they are present). Languages like Haskell with a type system much
stronger than Java/C++ ones help you catch even more bugs/problems at
compile time, so you need more time to have a clean compilation, but
you have less bugs later (but tests are useful in Haskell too, see
QuickCheck, that has inspired lot of similar tools for other
languages, Python included).

Bye,
bearophile
Oct 4 '08 #5

P: n/a
On Oct 3, 5:38*pm, Pat <P...@tanker.netwrote:
I've been searching for a good multi-module lint checker for Python and
I haven't found one yet.

Pylint does a decent job at checking for errors only within a single module.

Here's one of my problems. *I have two modules.

In module one, I have a function:

def foo( host, userid, password ):
* * *pass

In module two, I call that function:

foo( userid, password)

lint doesn't find that error and it won't be caught until it's called
while the program is running. *I don't want that error found at 3AM.

I've never used a language that didn't catch that type of error. *I'm
quite surprised that Python is being used by a number of major
companies. *How you catch these types of errors?

I've spoken to tech support at Wing and they weren't aware of a
multi-module lint but they're considering putting their own lint into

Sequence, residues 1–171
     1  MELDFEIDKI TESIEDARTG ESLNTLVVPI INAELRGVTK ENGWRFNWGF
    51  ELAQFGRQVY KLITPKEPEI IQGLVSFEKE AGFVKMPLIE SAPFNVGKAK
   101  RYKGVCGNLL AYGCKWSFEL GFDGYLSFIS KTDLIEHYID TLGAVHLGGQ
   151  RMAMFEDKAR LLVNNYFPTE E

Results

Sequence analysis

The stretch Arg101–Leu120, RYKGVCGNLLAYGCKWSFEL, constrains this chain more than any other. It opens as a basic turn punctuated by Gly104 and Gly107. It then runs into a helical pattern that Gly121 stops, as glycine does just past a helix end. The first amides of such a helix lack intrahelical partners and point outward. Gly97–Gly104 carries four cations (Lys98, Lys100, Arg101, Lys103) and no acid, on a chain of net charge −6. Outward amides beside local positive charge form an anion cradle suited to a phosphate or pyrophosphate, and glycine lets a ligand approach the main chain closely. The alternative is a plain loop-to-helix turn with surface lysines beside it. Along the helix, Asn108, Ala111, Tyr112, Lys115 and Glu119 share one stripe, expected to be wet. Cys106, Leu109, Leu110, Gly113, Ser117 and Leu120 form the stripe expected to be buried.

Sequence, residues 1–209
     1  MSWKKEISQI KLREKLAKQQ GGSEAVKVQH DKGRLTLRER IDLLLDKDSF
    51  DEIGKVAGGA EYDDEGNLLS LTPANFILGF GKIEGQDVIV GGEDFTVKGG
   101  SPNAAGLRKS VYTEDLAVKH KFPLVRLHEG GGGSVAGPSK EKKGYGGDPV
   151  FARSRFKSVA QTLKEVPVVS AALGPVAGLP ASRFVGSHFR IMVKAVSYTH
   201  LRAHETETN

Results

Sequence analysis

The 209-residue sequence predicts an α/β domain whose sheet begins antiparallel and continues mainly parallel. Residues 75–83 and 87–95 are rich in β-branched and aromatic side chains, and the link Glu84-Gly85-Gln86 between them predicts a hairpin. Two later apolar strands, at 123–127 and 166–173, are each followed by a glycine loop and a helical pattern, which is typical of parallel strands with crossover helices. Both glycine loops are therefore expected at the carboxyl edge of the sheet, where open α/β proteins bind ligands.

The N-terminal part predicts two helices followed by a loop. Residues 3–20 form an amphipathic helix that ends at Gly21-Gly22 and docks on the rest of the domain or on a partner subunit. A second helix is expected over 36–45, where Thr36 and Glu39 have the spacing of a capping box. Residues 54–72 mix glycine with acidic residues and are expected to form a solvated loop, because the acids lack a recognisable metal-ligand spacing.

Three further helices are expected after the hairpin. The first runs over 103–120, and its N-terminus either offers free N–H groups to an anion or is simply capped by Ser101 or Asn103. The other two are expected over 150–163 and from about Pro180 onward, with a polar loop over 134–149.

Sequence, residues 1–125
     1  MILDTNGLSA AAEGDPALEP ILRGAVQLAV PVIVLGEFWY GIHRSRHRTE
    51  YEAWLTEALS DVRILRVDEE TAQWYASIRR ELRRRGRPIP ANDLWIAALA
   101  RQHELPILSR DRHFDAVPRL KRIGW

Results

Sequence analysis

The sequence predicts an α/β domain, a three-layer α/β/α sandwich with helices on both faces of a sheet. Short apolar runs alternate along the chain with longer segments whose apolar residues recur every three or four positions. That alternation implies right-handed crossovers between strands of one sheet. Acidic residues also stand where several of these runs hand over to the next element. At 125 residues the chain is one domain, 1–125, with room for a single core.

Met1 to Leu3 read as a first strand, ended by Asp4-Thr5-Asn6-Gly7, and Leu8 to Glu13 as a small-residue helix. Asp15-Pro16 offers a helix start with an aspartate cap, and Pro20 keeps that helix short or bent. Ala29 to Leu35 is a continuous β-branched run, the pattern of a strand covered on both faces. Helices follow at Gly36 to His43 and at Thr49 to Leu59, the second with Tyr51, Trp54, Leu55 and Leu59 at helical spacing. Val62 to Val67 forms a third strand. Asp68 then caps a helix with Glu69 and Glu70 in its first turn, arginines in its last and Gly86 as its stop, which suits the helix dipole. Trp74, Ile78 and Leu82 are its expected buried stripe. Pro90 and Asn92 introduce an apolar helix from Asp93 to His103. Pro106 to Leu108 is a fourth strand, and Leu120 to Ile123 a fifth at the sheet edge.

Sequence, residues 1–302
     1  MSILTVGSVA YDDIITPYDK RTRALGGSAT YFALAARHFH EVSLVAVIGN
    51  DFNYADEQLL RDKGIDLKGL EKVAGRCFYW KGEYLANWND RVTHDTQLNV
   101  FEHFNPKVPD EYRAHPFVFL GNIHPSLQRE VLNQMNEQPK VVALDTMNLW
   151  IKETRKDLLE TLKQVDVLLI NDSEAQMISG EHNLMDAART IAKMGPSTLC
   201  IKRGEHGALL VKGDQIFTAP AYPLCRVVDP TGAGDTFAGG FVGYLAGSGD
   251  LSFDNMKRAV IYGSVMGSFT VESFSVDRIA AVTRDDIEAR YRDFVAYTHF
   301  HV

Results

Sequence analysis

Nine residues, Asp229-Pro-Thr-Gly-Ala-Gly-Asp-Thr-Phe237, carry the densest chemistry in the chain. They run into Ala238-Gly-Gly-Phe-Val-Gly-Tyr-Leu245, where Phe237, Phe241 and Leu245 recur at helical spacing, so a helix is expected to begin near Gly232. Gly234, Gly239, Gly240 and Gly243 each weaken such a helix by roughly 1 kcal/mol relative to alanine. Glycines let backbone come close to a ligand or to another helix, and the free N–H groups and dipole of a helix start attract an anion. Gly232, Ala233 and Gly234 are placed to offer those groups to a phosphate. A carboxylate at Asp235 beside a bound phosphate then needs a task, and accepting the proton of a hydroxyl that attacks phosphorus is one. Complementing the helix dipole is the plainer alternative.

their IDE.

Thank you
I doubt you will find a tool that can find that kind of error(at least
not reliably), python is a highly dynamic language, and so foo() can
easily be reassigned at any point in the execution.
Oct 4 '08 #6

P: n/a
On Oct 3, 4:38*pm, Pat <P...@tanker.netwrote:
I've been searching for a good multi-module lint checker for Python and
I haven't found one yet.

Pylint does a decent job at checking for errors only within a single module.

Here's one of my problems. *I have two modules.

In module one, I have a function:

def foo( host, userid, password ):
* * *pass

In module two, I call that function:

foo( userid, password)

lint doesn't find that error and it won't be caught until it's called
while the program is running. *I don't want that error found at 3AM.

I've never used a language that didn't catch that type of error. *I'm